CCIM’s production team, VOD, creates informative and participatory programs such as call-ins, round table discussions and news reports. CCIM has a potential listenership of more than eight million people. Programs are also available as podcasts through the VOD news website VOD’s news website also provides a source of independently produced, impartial, and unbiased news for the Cambodian population and includes multi-media output such as special investigative video reports which are watchable on VOD online TV. CCIM’s community projects are mainly aimed at improving democratic governance by giving a voice to marginalized citizens and providing people with independent information and knowledge on how to use information and communication technologies. 

#mediadev: How would you describe the standard of media literacy in Cambodia? 

Cambodia's young population mainly uses social media to participate in public debate. But for the most part, young people lack media and information literacy. They have little awareness of digital security issues, they hardly know how to detect filter bubbles and disinformation, and aren't familiar with the rules of public dialogue on the Internet. Since media has an influence on society and people’s perception, media literacy is a necessary skill for everyone. Media and information literacy can help people to develop critical thinking skills, recognize rumors, propaganda, or disinformation, understand how media messages shape people’s behaviors and produce media messages and share the messages with other people. In late 2016, MIL was approved by the Ministry of Education to be part of its official high school curriculum for grade 12 students.

#mediadev: What changes or even progress do you see since the foundation phase?

Since its establishment, CCIM has strived to tackle the challenges Cambodia faces on media independence, freedom of expression and access to information. This commitment is realized through both the production and broadcasting of accurate and unbiased information and the implementation of community projects throughout the country.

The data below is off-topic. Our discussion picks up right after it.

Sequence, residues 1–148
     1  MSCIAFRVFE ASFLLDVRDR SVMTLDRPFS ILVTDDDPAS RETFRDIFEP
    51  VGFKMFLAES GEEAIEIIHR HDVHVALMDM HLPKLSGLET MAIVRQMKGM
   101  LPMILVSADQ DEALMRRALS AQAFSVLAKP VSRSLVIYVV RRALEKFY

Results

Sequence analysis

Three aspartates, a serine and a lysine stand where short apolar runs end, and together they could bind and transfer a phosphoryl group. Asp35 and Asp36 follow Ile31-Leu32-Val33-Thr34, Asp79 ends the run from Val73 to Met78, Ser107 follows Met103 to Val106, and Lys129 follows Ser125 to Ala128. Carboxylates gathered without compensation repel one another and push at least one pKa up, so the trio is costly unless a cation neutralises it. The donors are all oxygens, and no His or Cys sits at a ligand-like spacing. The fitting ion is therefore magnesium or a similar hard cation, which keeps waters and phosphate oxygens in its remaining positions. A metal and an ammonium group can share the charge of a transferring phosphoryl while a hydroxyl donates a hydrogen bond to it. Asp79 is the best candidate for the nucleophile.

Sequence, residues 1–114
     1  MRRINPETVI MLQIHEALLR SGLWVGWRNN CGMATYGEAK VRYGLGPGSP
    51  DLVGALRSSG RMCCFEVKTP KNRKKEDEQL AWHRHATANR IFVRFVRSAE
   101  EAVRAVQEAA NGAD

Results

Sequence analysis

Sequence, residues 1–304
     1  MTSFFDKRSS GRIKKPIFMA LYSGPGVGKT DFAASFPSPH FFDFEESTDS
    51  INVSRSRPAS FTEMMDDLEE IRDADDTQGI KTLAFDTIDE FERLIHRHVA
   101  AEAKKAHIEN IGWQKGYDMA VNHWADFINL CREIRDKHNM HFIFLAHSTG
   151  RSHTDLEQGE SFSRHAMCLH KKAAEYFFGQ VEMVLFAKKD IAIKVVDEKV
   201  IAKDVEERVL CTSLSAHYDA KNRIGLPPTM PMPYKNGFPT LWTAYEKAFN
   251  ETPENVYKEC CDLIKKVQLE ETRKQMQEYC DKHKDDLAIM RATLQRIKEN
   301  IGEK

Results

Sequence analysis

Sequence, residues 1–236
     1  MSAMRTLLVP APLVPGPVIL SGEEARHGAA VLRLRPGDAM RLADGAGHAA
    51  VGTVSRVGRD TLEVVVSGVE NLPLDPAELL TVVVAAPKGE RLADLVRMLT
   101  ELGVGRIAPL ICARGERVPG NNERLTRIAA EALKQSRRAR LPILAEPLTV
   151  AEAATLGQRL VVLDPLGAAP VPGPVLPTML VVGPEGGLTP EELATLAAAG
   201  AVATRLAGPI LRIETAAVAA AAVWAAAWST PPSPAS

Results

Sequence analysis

Here are the following achievements CCIM has accomplished:   

• The Cambodian Center for Independent Media (CCIM) has organized the Cambodian journalists and come up with a common standard ethics framework for Cambodian journalists and trained them in independent journalism.
• CCIM has trained more than 200 citizen journalists providing information to VOD reporters. 
• 10 young rural facilitators who took part in the Media and Information Literacy Project shared their knowledge about media and information literacy with more than 500 young people in Svay Rieng province (50% of whom are female).  
• CCIM has collaborated with NGOs in the promotion of the access to information law; and participated in the Ministry of Information’s technical working group on the drafting of the access to information law.
• VOD online capabilities (website, online TV, social media) are upgraded and content is diversified resulting in CCIM being one of the leading Khmer language information providers. 
• The website (VOD Hot News) has grown significantly and attracts up to 10,000 visitors per day.
What have been (or still are) the biggest obstacles to your work?

In August 2017, the Cambodian government ordered the stoppage of broadcast of Radio Free Asia (RFA), Voice of America (VOA), and radio programs of political opposition parties, including the VOD radio programs. Almost all radio stations broadcasting these radio programs were also ordered closed.  CCIM’s radio broadcasting partners also terminated their partnership with CCIM, thus Radio Sarika FM broadcasts also discontinued. Currently, CCIM continue to produce radio programs in collaboration with partner NGOs and aired on limited airtime on selected radio stations partnering with CCIM.